Finally, Alice Miller also showed me the dark power of not facing the truth. Her writings helped me recognize how many of our denials in relation to violence of all types (or the vastness of the nastiness we have towards each other) have their roots in the depths of the childhoods we carry with us throughout our lives. Our tendency to redefine violence as something other than violence, our tendency to deny the harm of violence, our tendency to blame victims upon whom we inflict violence, all of these techniques for making bad into good, reflect our defensive reactions to the violations of our dignity experienced as the first victims of violence, ourselves as children.
In her latest book, THE TRUTH WILL SET YOU FREE, Alice Miller summarizes, synthesizes and builds upon her earlier work. Here she finds support for her vision in recent research on brain development in children. In this research we began to see clear evidence for and explanation of the process that makes our adult perspectives on childhood a part of our childhood struggles to survive by coping with childhood trauma. In this book Alice Miller provides an accessible guide to understanding and breaking the centuries old 'cycle of violence'. In addition, she helps provide insight into how acknowledging our childhood experiences can help in developing a 'cycle of nurturing' that can lead us as individuals and a culture in more authentic, engaged and creative directions.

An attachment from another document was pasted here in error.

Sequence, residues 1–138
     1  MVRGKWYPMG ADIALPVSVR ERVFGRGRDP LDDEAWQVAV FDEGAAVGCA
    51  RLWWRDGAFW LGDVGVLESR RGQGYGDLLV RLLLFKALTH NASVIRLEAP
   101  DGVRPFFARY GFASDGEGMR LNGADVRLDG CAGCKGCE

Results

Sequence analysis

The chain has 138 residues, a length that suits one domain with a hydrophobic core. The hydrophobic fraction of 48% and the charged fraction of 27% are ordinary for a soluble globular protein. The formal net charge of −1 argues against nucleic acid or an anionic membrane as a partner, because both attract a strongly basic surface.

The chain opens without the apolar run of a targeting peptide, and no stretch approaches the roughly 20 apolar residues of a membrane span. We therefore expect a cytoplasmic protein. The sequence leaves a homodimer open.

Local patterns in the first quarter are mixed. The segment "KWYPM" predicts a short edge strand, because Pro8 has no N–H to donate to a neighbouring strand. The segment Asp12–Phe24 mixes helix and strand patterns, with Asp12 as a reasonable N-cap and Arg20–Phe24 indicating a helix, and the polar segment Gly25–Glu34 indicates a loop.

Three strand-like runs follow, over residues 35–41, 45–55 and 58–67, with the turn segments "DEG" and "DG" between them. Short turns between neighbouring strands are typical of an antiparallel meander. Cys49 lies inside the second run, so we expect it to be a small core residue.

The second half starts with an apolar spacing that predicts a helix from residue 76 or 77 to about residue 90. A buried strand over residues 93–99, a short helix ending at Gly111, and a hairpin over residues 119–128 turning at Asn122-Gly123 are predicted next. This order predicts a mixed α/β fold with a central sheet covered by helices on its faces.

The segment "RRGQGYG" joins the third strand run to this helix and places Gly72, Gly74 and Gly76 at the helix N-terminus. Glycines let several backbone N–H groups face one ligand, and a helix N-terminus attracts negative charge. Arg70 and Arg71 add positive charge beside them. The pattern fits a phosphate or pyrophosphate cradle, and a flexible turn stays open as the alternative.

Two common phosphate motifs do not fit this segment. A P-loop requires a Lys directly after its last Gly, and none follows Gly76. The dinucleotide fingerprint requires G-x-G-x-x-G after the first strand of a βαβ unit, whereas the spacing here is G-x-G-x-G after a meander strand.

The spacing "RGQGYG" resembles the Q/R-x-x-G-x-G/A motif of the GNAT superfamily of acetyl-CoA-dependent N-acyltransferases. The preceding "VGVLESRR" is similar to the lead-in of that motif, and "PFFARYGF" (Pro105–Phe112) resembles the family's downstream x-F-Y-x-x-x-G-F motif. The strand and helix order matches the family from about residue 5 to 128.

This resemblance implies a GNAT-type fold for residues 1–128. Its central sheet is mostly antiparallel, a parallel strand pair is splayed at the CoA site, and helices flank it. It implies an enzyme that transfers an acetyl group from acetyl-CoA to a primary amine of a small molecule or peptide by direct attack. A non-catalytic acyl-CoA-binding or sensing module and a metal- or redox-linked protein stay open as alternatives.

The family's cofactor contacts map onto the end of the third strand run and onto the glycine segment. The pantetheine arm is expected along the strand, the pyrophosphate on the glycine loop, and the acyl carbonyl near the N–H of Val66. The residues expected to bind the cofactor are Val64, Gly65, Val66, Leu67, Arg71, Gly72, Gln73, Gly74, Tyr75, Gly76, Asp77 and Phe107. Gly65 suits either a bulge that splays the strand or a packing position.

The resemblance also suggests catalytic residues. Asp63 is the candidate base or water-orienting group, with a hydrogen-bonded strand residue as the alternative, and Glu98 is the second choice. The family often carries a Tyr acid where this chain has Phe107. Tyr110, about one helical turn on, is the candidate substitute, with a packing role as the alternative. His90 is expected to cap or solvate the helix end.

The writings of Alice Miller strike a cord that resonates with the underlying characteristics of our culture. Forced for so long to deny the authenticity of our childhood and the creative selves that we lost, we create a culture immersed in phoniness and virtual lives and images. Having had to deny our substance as children we created culture without substance. We emphasize method and technique and loose sight of substance, purpose and meaning. Alice Miller's insights make visible the struggle of creativity after trauma and the joy and connectedness of creativity without trauma. These writings point to a way out of the 'cultural knot' (drawing on R.D. Laing's KNOTS) that our adult relationships with children and with our own childhoods create and perpetuate. In nurturing creativity in children we nurture creativity in ourselves. In contacting the authenticity of children, we contact authenticity in our adult lives. Symbols and images represented in the adult / childhood categories disintegrate under the power of the real. What is in the immediate takes on new value and demands new attention. This is what I take away from my reading of Alice Miller's work. I thank her for her daring and courage in bringing these insights to the attention of so many.
See Dr. Lombardo's Our Children Don't Deserve to be Beaten.